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Dealing with Haters

This blog post is a bit different from my usual. It's more of a ramble of my thoughts and opinions rather than my usual structured and informative style.

Any sex worker will tell you that the hardest part of our job isn't actually the job itself. It's the judgement we receive from friends, families and even just random people who barely know us. A lot of workers choose to remain anonymous by blurring their face and creating a pseudonym to avoid the judgement.

Anyone who knows me from my personal life also knows I am the last person they would suspect to be a sex worker. I have always been very quiet and conservative. A high achieving student. I never went to parties. I've never been the 'slutty' type. My personal social media is very 'clean' and maybe even 'boring'. I certainly don't fit the typical sex worker stereotype. Fair to say, it shocked a lot of my friends and family who found out about my double life. I received a lot of hate, concern, shock, anger and disappointment.

Yet, I have always been a black sheep. My thought processes were always independent of everyone else's. I tend to be a person who paddles against the current rather than going with the flow. I often found it hard to fit in at school because I was never onboard the latest trends. In fact, I used to despise trends and wasn't quiet about it either. I was friends with that weird autistic kid at school that nobody talked to (I was also a weird one) because he was actually really f*cking interesting (telling me his latest philosophical theory instead of talking about how drunk he got on the weekend like most teenagers would). I lost a lot of popularity points because of this. My independent way of thinking has contributed to a lot of my controversial choices. I care less about what people think about me and more about living an interesting and fulfilling life. This has helped me in succumbing to the stigma of being a sex worker.

The human brain is wired to make quick, shallow judgements about people. This was once a survival mechanism to determine whether something is a friend or foe. For example, if we encountered a tiger and it tried to attack us, we can make a quick assumption in future that anything that bears a resemblance to a tiger (lion, jaguar, panther) will also be a threat. This information is shared around to other members of the tribe. This quick, judgmental thinking is still ingrained in our subconscious mind. It's an instinct. Rather than identifying a person as an individual, we use their characteristics and make a quick judgement on information we already know about groups who share the same characteristics. A lot of this information isn't always based on our own experience, but information from members of our 'tribe' (these days is social media, news, movies, tv shows, books). This is how stereotypes work.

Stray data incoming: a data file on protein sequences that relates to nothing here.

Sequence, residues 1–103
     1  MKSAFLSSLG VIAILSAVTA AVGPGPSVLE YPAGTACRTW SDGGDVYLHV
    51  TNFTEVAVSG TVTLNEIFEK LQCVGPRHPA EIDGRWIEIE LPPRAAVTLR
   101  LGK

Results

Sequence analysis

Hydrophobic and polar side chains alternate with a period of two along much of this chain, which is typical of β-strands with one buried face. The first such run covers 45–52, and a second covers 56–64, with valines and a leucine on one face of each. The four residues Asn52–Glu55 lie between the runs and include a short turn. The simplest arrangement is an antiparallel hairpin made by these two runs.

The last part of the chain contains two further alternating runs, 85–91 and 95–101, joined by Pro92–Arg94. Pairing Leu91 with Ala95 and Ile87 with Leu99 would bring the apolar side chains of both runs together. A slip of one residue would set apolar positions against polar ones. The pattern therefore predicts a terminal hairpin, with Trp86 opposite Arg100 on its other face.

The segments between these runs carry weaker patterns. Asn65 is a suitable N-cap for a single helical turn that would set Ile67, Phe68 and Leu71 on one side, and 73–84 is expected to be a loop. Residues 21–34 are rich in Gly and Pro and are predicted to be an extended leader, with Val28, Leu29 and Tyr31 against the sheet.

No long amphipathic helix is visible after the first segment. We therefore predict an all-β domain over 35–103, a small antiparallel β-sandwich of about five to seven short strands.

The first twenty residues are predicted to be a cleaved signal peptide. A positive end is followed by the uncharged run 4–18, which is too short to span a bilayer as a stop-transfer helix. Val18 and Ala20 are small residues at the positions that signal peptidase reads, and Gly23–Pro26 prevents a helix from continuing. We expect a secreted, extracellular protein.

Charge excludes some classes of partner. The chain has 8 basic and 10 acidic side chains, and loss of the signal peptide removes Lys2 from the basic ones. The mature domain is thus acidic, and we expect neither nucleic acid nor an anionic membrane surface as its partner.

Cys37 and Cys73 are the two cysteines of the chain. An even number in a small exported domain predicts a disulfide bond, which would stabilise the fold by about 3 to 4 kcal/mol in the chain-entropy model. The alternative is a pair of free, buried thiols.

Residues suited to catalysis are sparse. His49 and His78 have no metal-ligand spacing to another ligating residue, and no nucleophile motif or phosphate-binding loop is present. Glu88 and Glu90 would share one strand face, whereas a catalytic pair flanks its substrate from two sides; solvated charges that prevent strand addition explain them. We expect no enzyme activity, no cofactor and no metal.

Sex workers get hit with some pretty atrocious stereotypes. Drugs, gangs, violence, street work, pimps, subservience- just to name a few. I am also guilty of once associating sex workers with these things. But being a critical thinker, I like to educate myself as to why I autonomously make these judgements. It wasn't until I read a sex worker's biography (I can't remember which book) and met a few sex workers later on, that I was surprised by how normal and relatable these women are. These women were mums, students, aspiring artists, women starting out in their career or just trying to pay off their mortgage and get ahead in life. Women who I would never have suspected to be a sex worker if I had known them in their personal life. Just like me. I have written a blog about some of the other myths around sex workers which you can read here.

I once asked a woman why she does this work. She responded 'well, it's just like Tinder, but it's much safer and I get paid'. When I think about it, it does seem rather strange that the guys at work make banter around the lunch table about their latest Tinder hookup, but if I made the same comments about a client, I would probably lose my job. Why is one okay but the other isn't? Why is it acceptable within our society to hook up on apps like Tinder, but taboo as soon as there is a transaction? I suppose we live in a world where men make the rules, but I hope we can slowly change that.

Everyone is going to give their opinions on how you should live your life. From who you marry, what career you chose, how to raise your children, how you should spend your money, your choice to become a sex worker and the list goes on. Often it's the ones with the least amount of education on a topic that have the loudest opinions. Over time, I've just learned to block out the haters. If someone tries to bring me down, I don't even bother to convince them. It's best just to ignore them, since you can't argue with ignorance. If they want to waste their time and negative energy on bringing others down, then let them. I'd rather save my energy to better my own life.

I often remind myself that being a sex worker doesn't make me a bad person. I am not hurting anyone (actually quite the opposite) and this job brings me and my clients a lot of happiness. As long as you know that your decision is the right one, that's all that really matters.


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